One churchgoer described in the Christian Century article talked about needing to come to church because the person had not been hugged all week. I’m glad that a person like that can get hugged in church. And I think Kuyper would agree with me. But I am confident that we would both stick with our conviction that it is wrong to preach in bed!


  1. Theologically, I expect there isn’t anything wrong with hugging, although I have to confess that, as a strong Introvert, it’s pretty low on the list of things I enjoy about worship services which engage in the practice (which seems to be just about every church I go to these days. I’m almost always “hugged out” well before the rest of the congregation is).

    But that’s just me, and is mostly said in the interests of laying my biases on the table. I’m concerned about the effects that a well meaning “hugger” might have on people who have experienced physical abuse, for whom touch is a difficult thing to accept. While I expect that, for such people, learning that a hug can be a loving thing can be a very healing experience, there is quite a bit of room for misunderstanding if such a person is approached for an unsolicited hug by a person that is not yet someone they know well. I would definitely reserve hugs for those with whom I have an existing relationship.

    Comment by B-W — September 4, 2007 @ 4:32 pm

  2. The appropriateness of touching people when greeting them in public (and touching them in what ways) varies from culture to culture. In New Testament times, it was appropriate for believers to “greet one another with a holy kiss.” In America that wouldn’t really work. In the Philippines it does.

    It would seem that Dr. Mouw is from a background that considers hugging in public to be abnormal. But not every American is of that background. I think it would be more respectful for people who think public hugging is appropriate to refrain from hugging those whom it makes uncomfortable. And it would be more respectful of those who are uncomfortable with it not to view hugging in public as a “remedial” measure, but rather, just as a different cultural attitude.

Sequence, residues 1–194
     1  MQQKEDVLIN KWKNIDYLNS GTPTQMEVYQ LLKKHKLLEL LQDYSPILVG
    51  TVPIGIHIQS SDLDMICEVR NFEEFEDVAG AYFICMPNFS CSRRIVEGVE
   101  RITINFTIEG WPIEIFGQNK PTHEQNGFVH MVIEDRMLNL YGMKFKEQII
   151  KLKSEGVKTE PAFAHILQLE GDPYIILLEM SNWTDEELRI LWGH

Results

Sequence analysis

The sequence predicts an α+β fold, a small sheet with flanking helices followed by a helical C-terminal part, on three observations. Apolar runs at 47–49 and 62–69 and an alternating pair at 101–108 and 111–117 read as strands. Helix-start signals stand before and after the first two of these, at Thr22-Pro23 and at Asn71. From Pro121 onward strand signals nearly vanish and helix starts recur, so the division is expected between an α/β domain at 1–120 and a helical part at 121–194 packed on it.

P.S. Dr. Mouw–thanks so much for all the food for thought! What a great blog! (-:

    Comment by Virgie — September 5, 2007 @ 11:37 am

  3. So does this mean that we will see more moderation in Kuyperian thought regarding the differeniation between the spheres? Is this the weakness of Kuyper’s “sphere ideology?” (for lack of a better term). Hardlines shouldn’t be drawn? How far will this go? One time I was asked by Greg Boyd on his discussion boards, “Consider a person building a sand pile one grain at a time. When does the “pile” become a ‘pile’?” Who will decide? The Roman Catholic church or will it be “reality” with it’s odd ways of tapping you on the shoulder?

    Comment by Brandon Blake — September 5, 2007 @ 4:32 pm

  4. A La Carte (9/6)

    Thursday September 6, 2007…

    Trackback by Challies Dot Com SideBlog — September 6, 2007 @ 5:46 am

  5. […] Here is an interesting post from Richard Mouw on hugging. Yes, hugging. I’ll catch you later brother, maybe even with a hug! […]

    Pingback by A Theology of Hugging « Seeking Him — September 6, 2007 @ 7:45 am

  6. “Hugging is a familial activity, not an ecclesiastical one. Families are not churches.”

    I am still thinking over these two sentences from paragraph 6. Yes, families are not churches, and churches are not families, but the fact that we are brothers and sisters in Christ must certainly create some overlap in categories. Not all people will be “huggers,” but hugging as a greeting may be one cultural way of practicing the holy kiss of New Testament times.

    (Just a few more thoughts to help as you bring your theology in line with your practice :-) )

    Comment by Ray Fowler — September 6, 2007 @ 8:35 am